We will use TorchServe apache-bench benchmarking with ResNet50 FP32 TorchScript, batch size 32, concurrency 32, requests 8960. All other parameters are the same as the default parameters.

As in the previous exercise, we will use the launcher to bind the workload to physical cores of the first socket. To do so, user simply needs to add a few lines in config.properties:

cpu_launcher_enable=true
cpu_launcher_args=--node_id 0


Let’s collect level-1 TMA metrics.

Level-1 TMA shows that both are bounded by the backend. As discussed earlier, the majority of untuned deep learning workloads will be Back End Bound. Notice the Back End Bound reduced from 70.0 to 54.1. Let’s go one level deeper.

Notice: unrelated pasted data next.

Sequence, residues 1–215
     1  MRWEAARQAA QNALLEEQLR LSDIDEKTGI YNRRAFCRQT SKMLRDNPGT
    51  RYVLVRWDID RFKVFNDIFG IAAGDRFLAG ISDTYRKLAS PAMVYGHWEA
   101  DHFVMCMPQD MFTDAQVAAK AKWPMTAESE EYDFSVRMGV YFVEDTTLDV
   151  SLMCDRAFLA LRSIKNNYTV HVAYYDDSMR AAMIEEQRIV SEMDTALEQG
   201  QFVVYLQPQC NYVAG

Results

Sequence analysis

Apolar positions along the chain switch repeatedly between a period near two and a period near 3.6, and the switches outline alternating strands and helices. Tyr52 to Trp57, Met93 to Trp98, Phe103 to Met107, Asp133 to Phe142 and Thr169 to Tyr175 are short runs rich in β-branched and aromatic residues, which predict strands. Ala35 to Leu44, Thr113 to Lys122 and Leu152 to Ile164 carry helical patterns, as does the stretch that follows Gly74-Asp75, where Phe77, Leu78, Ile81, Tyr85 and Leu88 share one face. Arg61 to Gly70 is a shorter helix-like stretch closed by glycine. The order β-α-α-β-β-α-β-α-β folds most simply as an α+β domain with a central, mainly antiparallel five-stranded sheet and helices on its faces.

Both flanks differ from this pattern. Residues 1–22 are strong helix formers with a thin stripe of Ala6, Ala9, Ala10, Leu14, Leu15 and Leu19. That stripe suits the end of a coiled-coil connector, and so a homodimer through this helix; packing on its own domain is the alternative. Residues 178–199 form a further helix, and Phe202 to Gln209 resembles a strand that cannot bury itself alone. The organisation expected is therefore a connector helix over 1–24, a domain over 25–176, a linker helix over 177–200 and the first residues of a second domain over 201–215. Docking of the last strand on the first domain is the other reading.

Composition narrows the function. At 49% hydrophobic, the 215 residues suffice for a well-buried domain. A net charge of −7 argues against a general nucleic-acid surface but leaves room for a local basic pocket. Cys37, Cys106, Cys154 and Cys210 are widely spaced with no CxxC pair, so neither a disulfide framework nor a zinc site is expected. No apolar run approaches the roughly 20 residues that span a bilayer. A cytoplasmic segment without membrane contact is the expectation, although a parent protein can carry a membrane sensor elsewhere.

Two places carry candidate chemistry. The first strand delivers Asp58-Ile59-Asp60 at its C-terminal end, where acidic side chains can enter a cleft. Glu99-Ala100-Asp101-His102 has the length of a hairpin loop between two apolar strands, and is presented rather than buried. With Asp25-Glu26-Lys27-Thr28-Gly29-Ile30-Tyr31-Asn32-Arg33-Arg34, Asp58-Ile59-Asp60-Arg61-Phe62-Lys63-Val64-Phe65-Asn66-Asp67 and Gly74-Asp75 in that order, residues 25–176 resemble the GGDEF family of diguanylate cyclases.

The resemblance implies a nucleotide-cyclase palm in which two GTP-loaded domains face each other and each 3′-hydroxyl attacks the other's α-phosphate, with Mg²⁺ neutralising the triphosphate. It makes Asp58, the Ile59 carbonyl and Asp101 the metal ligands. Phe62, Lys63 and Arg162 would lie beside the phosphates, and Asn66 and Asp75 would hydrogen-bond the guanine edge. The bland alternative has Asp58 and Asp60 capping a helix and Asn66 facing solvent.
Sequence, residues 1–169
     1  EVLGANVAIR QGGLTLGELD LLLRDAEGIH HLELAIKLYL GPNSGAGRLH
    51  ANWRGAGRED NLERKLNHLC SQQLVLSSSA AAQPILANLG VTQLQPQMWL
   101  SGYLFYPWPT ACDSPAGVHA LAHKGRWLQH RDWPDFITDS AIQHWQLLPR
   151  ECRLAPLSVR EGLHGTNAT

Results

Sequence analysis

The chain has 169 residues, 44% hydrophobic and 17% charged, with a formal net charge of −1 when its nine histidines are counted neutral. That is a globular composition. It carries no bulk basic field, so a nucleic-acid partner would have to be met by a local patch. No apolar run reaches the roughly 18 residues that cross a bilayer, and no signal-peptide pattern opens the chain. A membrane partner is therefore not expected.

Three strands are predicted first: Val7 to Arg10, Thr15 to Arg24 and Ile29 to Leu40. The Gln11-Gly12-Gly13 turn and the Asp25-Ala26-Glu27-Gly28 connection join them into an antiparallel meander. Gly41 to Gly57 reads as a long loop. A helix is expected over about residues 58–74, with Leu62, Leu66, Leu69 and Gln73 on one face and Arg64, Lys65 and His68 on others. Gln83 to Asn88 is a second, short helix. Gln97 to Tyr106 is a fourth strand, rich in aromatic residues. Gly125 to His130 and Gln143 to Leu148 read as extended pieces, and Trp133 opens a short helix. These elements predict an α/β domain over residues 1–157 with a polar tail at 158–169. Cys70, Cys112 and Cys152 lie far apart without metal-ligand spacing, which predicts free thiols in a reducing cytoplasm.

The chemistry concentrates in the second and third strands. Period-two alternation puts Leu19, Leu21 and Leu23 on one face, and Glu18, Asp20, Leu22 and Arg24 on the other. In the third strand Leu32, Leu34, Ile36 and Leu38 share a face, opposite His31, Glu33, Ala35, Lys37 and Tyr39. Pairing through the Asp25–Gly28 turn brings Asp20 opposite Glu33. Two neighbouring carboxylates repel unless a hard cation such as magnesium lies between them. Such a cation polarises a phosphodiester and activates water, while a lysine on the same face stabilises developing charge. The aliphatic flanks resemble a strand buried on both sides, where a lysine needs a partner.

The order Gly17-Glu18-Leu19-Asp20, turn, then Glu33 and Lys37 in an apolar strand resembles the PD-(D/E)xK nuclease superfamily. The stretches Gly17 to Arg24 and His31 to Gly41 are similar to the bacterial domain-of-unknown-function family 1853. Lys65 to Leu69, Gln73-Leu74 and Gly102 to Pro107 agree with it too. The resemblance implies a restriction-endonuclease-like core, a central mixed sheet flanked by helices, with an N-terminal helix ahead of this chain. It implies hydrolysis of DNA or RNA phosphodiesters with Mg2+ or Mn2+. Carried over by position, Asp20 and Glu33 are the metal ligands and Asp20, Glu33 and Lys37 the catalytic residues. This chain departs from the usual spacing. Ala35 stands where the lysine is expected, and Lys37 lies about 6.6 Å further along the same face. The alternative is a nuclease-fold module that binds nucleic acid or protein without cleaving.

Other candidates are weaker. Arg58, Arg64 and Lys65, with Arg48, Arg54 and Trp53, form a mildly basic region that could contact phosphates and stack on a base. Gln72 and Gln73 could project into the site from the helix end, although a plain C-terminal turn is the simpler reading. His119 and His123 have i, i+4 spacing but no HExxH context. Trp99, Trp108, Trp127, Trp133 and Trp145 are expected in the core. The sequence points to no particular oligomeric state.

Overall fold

As discussed earlier, Back End Bound has two submetrics – Memory Bound and Core Bound. Memory Bound indicates the workload is under-optimized or under-utilized, and ideally memory-bound operations can be improved to core-bound by optimizing the OPs and improving cache locality. Level-2 TMA shows that the Back End Bound improved from Memory Bound to Core Bound. Let’s go one level deeper.

Scaling deep learning models for production on a model serving framework like TorchServe requires high compute utilization. This requires that data is available through prefetching and reusing the data in cache when the execution units need it to execute the uOps. Level-3 TMA shows that the Back End Memory Bound improved from DRAM Bound to Core Bound.

As in the previous exercise with TorchServe, let’s use Intel® VTune Profiler ITT to annotate TorchServe inference scope to profile at inference-level granularity.